UAE calls for ceasefire, humanitarian access in Gaza at high-level meetings in Europe

The country is the largest bilateral humanitarian aid donor to Gaza but its relief efforts cannot compensate for the lack of access through border crossings, says top official


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Lana Nusseibeh — FIle photo
Lana Nusseibeh — FIle photo

Published: Thu 30 May 2024, 7:49 AM

Last updated: Thu 30 May 2024, 7:50 AM

The UAE reinforced its stance on the Gaza war as it joined high-level meetings of foreign ministers of the European Union (EU) in Brussels earlier this week.

Represented by Lana Zaki Nusseibeh, Assistant Minister for Political Affairs and Envoy of the Foreign Minister to the EU, the UAE called for an immediate ceasefire, unhindered humanitarian access, unconditional release of hostages, and respect for international law.

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It also urged Israel to renew its commitment to the two-state solution and called for a reformed Palestinian Authority.

Discussions at the meetings — which also saw the participation of Egypt, Jordan, Qatar, and Saudi Arabia — focused on the Middle East Peace Process and how to reinforce cooperation between the EU and Arab countries, with a view to finding a political solution to the conflict.

Monday's council session was part of a two-day set of high-level meetings focused on the war in Gaza.

Throughout the discussions in Brussels, Nusseibeh also shared details of the UAE aid operation.

"The UAE is the largest bilateral humanitarian aid donor to Gaza.  Since the start of the conflict, the UAE has delivered more than 32,000 tonnes of food, medical supplies, and other items essential to alleviating the suffering of the civilian population," she said.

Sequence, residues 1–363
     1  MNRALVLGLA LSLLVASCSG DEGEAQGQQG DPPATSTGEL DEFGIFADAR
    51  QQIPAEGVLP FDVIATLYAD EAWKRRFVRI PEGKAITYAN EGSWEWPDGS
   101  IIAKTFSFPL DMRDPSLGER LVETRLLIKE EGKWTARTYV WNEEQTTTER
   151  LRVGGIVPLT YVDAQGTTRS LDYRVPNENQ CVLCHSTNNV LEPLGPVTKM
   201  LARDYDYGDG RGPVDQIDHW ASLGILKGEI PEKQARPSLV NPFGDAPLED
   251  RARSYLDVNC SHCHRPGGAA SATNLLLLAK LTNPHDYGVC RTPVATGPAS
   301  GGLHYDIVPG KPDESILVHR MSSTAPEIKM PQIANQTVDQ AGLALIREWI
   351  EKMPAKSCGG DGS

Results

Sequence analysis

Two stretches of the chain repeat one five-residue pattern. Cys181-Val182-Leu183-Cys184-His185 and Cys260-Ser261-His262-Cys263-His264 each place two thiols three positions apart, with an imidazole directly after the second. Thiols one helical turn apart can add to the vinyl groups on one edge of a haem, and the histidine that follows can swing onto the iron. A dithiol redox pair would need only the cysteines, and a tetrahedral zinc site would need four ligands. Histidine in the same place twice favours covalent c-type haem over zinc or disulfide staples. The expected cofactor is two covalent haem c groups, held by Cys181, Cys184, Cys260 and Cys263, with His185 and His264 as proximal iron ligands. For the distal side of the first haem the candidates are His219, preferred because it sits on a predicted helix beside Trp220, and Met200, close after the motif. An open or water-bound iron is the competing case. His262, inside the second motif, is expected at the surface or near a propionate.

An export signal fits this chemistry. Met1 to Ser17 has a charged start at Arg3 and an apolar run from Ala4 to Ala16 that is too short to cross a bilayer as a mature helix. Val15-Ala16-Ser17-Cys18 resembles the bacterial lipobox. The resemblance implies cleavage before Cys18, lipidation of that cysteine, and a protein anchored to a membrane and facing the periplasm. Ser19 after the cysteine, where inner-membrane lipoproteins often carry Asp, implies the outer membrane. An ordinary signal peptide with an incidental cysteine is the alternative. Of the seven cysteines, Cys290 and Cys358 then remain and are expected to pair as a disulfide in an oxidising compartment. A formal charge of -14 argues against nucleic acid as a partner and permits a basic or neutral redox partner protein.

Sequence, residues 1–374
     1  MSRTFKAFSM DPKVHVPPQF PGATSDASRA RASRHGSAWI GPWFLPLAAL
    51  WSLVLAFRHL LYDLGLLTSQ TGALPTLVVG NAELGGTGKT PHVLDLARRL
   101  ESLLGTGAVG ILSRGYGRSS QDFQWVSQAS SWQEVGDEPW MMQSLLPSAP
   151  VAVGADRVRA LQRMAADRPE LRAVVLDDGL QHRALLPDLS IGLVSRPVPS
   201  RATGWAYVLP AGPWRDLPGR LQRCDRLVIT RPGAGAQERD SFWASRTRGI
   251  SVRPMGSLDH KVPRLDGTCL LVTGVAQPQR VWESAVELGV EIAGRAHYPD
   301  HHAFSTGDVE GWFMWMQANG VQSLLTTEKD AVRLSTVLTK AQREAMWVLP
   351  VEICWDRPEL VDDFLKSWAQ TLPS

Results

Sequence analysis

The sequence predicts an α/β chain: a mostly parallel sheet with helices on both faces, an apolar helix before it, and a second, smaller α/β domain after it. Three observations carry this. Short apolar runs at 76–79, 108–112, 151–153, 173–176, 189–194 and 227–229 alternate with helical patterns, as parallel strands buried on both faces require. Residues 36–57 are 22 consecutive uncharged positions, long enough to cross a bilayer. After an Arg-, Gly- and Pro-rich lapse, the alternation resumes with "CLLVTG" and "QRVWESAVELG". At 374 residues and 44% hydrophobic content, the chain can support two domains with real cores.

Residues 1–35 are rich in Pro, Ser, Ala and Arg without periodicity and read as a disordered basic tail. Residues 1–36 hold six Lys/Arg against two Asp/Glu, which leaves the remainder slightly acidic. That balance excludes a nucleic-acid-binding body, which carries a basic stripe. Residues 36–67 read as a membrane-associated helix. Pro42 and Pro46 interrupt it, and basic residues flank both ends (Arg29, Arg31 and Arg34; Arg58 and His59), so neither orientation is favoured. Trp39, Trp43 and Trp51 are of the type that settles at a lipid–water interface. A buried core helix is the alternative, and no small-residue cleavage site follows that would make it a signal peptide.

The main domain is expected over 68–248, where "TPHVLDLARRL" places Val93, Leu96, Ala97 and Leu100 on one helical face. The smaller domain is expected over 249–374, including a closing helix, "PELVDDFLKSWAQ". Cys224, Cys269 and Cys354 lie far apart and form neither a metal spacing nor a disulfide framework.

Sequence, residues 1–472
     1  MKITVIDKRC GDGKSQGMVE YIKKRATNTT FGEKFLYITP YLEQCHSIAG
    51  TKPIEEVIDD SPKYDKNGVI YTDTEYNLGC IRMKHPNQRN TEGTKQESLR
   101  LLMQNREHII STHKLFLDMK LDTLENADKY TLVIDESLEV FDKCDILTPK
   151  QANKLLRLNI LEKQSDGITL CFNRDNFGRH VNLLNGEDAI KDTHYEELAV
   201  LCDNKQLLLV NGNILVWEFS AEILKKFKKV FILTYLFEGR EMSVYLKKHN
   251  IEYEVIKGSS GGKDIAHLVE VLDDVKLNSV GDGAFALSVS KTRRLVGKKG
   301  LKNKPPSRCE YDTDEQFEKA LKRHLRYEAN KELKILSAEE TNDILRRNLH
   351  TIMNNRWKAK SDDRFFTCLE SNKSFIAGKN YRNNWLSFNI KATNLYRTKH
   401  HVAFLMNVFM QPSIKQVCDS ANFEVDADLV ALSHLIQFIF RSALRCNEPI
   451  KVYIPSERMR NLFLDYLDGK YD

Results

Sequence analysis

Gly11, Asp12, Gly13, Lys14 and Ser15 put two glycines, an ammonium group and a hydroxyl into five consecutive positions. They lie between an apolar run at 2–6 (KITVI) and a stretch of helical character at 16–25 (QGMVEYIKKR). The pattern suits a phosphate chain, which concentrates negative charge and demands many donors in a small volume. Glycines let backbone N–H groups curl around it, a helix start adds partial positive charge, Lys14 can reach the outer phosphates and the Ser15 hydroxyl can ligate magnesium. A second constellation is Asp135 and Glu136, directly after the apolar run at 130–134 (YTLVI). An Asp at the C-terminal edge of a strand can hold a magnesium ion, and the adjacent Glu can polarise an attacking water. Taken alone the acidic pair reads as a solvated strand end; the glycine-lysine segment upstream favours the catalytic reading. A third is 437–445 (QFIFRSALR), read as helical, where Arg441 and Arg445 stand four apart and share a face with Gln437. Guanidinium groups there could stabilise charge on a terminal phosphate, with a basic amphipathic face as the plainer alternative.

She also provided an update on UAE efforts to provide medical treatment to victims of the war and provide access to drinking water.  She then briefed participants on the latest aid shipment through the maritime corridor from Cyprus, bringing the total of deliveries through that channel to 1,100 tonnes.  

'Lift restrictions on humanitarian access immediately'

Nusseibeh acknowledged, however, that such efforts cannot compensate for the lack of access through border crossings, and called for such restrictions to be lifted immediately, and for the screening of aid deliveries to be sped up drastically.

"One recurring message from my engagements here was the desire to further strengthen the coordination between the EU and Arab partners.  There is strong commitment on all sides to ensuring peace and security in our shared neighbourhood," Nusseibeh said, reflecting on her exchanges with senior officials over the two days in Brussels.

She also held several bilateral meetings, including with Tobias Lindner, Minister of State at the German Federal Foreign Office; Tor Wennesland, UN Special Coordinator for the Middle East Peace Process; and Robert Oliphant, Minister of Parliamentary Affairs at the Canadian Ministry of Foreign Affairs.

She was accompanied by Mohamed Al Sahlawi, Ambassador of the UAE to the K Belgium, the European Union, and the Grand Duchy of Luxembourg, and Abdulrahman Al Neyadi, Director of the European Affairs Department at the Ministry of Foreign Affairs.


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